“In calling, sometimes almost any call will work. Other times, almost nothing will. During times when gobblers are reluctant to come to your calls, the first thing you need to do is rely on your store of knowledge about wild turkeys and try to figure out why he is reluctant to come.
“Perhaps he has hens with him. If this is the case, it is difficult to call a gobbler away from a hen he is courting. Why should he leave the real thing he has his eye on for one he doesn’t see?
“Later in the day when the hens leave him to go to the nest, he’s much more likely to come in.
“When I encounter a situation where a gobbler is with hens, I’ll try to fire up the boss hen enough that she’ll want to come over and shut me up. If I can get her attention and get her coming to me, I have a good chance at the gobbler that is almost surely tagging along behind. If you can’t get the hen’s interest, however, it can be tough.”
Dickson’s painting a mental picture of a gobbler with hens brought to my mind an occasion where I was able to call a gobbler away from a hen. Once while hunting in DeSoto Parish, I listened to a yelping hen followed by a trio of loud-mouthed gobblers moving away from me through the woods.
I felt my only chance was to create such a ruckus that maybe the hen would come and check me out. I hammered my calls, cutting sharply on a box call while doing the same on a diaphragm. The hen would yelp, and I’d cut her off with raucous cutting.
To my surprise, the four gobblers left the hen and headed my way while she brought up the rear, pleading with “her boys” to return to her. At 25 yards, a red head popped over a log, and I downed a nice double-bearded gobbler.
“The key is to try to process what is going on,” Dickson said when I told him my story. “You tried to become the noisiest, sassiest hen in the woods, and it worked. However, sometimes more subtle calling is required.
“I listen at first light when turkeys begin vocalizing to determine if the gobbler has hens with him. You’ll know it if he does because they’ll yelp, and he’ll hammer back at them. Hens usually cackle when they fly down, and when this happens, he’s likely to leave his roost as well.
“When it is obvious he has hens, you have to get in the game with them and make as much or more noise than they’re making. The key is to try and get the hens mad enough to come run you off.
“Other times, a lonesome gobbler roosted the night before without hens. Your chances at calling him in are usually better than when he has hens. I’ll listen for his gobble, or entice one by using a locator call.
“If he answers and I have him located, I’ll sneak in as close as I dare without spooking him. I’ll call softly to let him know I’m there. If he answers, I’ll shut up, calling only occasionally and softly. Hopefully, he’ll fly down and come in to investigate.”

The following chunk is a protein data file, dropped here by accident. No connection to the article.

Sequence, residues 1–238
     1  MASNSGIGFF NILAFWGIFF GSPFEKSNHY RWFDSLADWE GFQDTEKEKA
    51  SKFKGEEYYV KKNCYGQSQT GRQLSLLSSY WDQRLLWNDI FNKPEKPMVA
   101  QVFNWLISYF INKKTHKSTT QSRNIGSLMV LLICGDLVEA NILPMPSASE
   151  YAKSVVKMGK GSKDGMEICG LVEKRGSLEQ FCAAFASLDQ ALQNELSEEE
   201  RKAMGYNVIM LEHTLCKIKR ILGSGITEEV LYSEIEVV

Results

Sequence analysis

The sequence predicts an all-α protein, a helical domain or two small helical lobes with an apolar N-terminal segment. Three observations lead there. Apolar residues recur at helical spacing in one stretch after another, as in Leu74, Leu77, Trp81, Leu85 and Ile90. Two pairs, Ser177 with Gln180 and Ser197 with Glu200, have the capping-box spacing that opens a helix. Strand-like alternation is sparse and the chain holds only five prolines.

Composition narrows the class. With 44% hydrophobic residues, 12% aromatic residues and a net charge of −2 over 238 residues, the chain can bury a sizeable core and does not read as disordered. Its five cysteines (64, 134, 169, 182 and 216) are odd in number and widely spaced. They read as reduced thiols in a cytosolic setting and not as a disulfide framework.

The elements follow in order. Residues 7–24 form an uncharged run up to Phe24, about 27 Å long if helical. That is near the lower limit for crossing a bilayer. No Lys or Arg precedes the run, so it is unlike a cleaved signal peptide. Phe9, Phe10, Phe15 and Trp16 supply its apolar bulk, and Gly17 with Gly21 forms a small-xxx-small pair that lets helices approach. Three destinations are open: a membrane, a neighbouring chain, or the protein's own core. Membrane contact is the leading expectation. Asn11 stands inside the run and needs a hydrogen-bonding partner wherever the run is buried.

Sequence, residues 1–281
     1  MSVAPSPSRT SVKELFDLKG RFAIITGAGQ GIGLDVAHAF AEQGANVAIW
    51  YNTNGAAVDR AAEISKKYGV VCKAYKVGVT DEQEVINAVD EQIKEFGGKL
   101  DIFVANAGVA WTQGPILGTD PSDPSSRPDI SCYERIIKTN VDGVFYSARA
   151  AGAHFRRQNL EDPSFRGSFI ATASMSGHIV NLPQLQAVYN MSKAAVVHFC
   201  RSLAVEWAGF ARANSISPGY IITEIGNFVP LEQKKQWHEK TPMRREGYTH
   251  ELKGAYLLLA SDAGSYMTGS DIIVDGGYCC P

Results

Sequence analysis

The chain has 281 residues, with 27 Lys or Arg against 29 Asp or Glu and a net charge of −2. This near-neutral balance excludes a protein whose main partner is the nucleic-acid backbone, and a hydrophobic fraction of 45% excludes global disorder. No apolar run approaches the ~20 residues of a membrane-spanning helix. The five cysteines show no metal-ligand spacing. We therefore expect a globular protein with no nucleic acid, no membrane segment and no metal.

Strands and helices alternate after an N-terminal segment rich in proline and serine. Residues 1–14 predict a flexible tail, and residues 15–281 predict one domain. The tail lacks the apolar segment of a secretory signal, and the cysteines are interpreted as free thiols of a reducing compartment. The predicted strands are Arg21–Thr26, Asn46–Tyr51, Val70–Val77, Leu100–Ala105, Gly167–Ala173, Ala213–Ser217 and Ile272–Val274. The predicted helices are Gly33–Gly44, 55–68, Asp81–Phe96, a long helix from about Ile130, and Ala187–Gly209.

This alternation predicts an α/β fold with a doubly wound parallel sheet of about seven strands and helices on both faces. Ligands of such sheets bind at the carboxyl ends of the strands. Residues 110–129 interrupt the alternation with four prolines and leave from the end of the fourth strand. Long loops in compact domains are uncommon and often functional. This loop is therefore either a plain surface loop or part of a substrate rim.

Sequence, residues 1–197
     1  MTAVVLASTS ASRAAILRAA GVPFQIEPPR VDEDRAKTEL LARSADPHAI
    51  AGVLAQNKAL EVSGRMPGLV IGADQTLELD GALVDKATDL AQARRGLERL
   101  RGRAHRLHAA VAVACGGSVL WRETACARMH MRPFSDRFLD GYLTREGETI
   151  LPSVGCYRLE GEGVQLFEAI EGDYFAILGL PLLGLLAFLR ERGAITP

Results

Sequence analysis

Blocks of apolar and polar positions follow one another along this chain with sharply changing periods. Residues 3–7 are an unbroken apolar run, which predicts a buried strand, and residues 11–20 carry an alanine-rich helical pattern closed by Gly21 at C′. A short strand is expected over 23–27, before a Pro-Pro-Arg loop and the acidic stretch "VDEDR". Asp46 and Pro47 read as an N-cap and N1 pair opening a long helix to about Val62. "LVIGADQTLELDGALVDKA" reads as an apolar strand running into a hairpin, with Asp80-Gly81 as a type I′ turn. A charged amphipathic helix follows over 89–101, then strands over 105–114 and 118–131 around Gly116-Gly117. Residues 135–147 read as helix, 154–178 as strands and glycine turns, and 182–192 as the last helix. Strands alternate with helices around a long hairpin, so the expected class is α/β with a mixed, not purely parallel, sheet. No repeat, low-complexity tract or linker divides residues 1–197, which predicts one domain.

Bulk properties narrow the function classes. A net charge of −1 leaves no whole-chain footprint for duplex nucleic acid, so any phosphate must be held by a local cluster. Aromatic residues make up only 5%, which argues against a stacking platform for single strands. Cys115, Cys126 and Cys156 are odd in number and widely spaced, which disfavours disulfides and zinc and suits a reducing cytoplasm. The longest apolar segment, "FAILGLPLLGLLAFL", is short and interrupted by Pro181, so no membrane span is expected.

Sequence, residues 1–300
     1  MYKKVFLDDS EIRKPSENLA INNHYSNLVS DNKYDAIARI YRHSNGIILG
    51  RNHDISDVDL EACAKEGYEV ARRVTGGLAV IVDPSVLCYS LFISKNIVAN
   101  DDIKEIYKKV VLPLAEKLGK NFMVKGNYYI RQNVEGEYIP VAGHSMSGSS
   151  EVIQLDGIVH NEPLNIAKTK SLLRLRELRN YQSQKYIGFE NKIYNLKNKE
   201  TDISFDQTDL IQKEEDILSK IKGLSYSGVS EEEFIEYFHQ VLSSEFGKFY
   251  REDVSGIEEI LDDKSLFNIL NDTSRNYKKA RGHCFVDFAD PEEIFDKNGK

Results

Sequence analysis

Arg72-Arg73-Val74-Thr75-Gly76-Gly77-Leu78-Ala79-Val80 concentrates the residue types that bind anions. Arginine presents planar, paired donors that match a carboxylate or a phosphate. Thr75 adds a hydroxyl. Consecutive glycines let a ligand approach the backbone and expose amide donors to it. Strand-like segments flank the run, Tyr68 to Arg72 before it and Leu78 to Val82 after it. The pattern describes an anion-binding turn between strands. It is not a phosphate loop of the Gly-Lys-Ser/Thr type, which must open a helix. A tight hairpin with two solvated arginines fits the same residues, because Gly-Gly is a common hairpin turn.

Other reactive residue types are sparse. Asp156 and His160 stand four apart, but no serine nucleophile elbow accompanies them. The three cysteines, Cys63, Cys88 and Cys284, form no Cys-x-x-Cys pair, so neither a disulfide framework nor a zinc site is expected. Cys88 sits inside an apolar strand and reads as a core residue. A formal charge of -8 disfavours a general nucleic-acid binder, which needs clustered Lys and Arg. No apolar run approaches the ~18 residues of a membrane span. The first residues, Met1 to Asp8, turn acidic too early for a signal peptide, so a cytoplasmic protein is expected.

Some of Louisiana’s best turkey habitat is located on the state’s wildlife management areas. However, turkeys on such areas usually encounter heavy hunting pressure. Dickson has successfully hunted such areas with pressured birds.
“In the 1970s, I hunted Fort Polk WMA in west-central Louisiana. There were a good many birds on the area, but there was lots of pressure. Most hunters would be gone from the woods by 9 a.m., and after that onslaught of hunters, the woods, and the turkeys, would be very quiet.
“I’d just hang around and take my time and eventually, I’d get a gobbler cranked up after he’d had time to settle down.
“Another trick in calling pressured birds is something like playing cards. You don’t show your whole hand at first.
If I have several days to hunt an area, I never use all my calls the first day. I’ll go with a diaphragm, a box or slate and try to work a bird. Maybe I’ll get one to answer, but he is reluctant to come in.
“Since I know where he is, I might set up at a different location and use a completely different call. Sometimes, hearing something different from a different spot will pique a gobbler’s interest to the point he’ll come in.”
I asked Dickson what the mistakes are most novice turkey hunters make.
“Most novices are intimidated by turkeys,” he said. “They lack confidence simply because they haven’t been exposed to the sport and they’re unsure of what to do and when to do it. The No. 1 thing a new turkey hunter should do is to learn as much as he can about his quarry and how it is likely to act and react under a variety of conditions.
“Novice hunters should resolve to become students of the sport. Find out where they roost and where they go when they fly down. Locate strut zones, dusting areas, feeding areas as evidenced by scratching, droppings and feathers. If you know where he is and where he’s likely headed, you have the advantage.
“Learn when to call aggressively and when to call sparingly. You learn this by listening and observing his mood. If he answers me immediately, I’ll back off on my calling because I have his interest. If I know he’s coming, I put my calls down and wait him out. The worst thing you can do is to hammer at him when he’s obviously on his way.
“There are so many variables to calling turkeys. The best way to have a chance to call correctly is to try and get in a gobbler’s head. What is he thinking? What is his ‘temperature?’ Is he interested or nonchalant about the whole deal?
“I think it is the variables that make this sport so intriguing and fascinating.”